# Binary

1. **Binary** is a **base 2** 8-bit number system invented by Gottfried Leibniz that represents numeric values of 0 or 1, also known as OFF or ON, and is the computers primary language.Today's computers still use binary because it is the easiest and most efficient method of detecting an electrical signal as being either off or on, detecting magnetic poles with magnetic media like a hard drive, and because it is the most efficient way to control logic circuits.

In the famous saying shown on many geek t-shirts and in the picture those who understand binary will realize this quote actually says "There are only **2** types of people in the world: Those who understand binary and those who don't." because '10' in binary is two and not the decimal number ten.

Below is an example of the maximum 8-bit value of 255, which is 11111111 in binary. To get this value add each position (column), so 1 + 2 + 4 + 8 + 16 + 32 + 64 + 128 = 255.

Value: | 128 (2^{7}) | 64 (2^{6}) | 32 (2^{5}) | 16 (2^{4}) | 8 (2^{3}) | 4 (2^{2}) | 2 (2^{1}) | 1 (2^{0}) |

ON/OFF: | 1 | 1 | 1 | 1 | 1 | 1 | 1 | 1 |

Tip: Counting on a computer normally start with 0, instead of 1. Therefore, counting all the bits does equal 255, however, if you start at 0, it is really 256.

Below is an example of 00010110 in binary, which is 104 (8 + 32 + 64)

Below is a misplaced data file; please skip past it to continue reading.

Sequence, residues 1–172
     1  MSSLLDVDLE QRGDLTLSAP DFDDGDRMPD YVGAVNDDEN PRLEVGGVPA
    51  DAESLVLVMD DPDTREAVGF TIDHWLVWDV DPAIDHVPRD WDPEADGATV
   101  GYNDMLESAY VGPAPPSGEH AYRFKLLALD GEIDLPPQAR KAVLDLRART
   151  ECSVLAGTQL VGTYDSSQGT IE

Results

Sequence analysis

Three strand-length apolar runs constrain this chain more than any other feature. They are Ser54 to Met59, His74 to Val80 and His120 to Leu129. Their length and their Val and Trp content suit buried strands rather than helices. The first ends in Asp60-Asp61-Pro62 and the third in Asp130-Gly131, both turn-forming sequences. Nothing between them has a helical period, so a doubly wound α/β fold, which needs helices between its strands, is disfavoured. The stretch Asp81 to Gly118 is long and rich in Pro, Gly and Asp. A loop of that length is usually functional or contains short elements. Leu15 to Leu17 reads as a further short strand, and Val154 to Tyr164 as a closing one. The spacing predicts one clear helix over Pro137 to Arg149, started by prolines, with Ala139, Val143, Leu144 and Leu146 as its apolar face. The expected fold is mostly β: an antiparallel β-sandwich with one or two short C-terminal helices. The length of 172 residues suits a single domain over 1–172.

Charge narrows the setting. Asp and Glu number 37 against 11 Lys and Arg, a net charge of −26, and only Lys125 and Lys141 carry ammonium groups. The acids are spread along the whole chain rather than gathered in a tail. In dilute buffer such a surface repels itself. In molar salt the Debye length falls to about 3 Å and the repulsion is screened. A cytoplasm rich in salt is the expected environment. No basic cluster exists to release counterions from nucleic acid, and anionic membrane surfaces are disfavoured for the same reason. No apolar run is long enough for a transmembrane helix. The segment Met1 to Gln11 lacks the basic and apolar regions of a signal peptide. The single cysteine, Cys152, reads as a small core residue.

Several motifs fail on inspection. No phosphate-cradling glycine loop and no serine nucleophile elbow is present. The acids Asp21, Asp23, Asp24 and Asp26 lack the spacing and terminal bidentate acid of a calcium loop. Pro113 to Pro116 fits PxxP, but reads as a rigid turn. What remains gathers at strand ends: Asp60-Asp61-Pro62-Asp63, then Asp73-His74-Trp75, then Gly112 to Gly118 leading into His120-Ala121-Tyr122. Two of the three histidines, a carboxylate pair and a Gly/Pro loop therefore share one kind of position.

Value: | 128 | 64 | 32 | 16 | 8 | 4 | 2 | 1 |

ON/OFF: | 0 | 1 | 1 | 0 | 1 | 0 | 0 | 0 |

Tip: When the computer reads binary it is reading from the right-to-left, so in the above example the computer is actually reading "00010110" and not "01101000" as shown above. If you took the binary 104 into ASCII it would a lowercase "h" and if you wanted to say "hi" in binary it would be "0110100001101001."

## Convert text into binary

Use the below convert tool to convert any text into binary.

2. While in an FTP session, **binary**, is a command that switches the file transfer mode to binary. See the how to use ftp help page for information about binary and other FTP commands.

**Also see:** .BIN, Base, BCD, Binary file, Bit, Decimal, Hexadecimal, Least significant bit, Machine language, Most significant bit, Native language, Negation, Nibble, Octal, OFF, ON, Qubit, Two's complement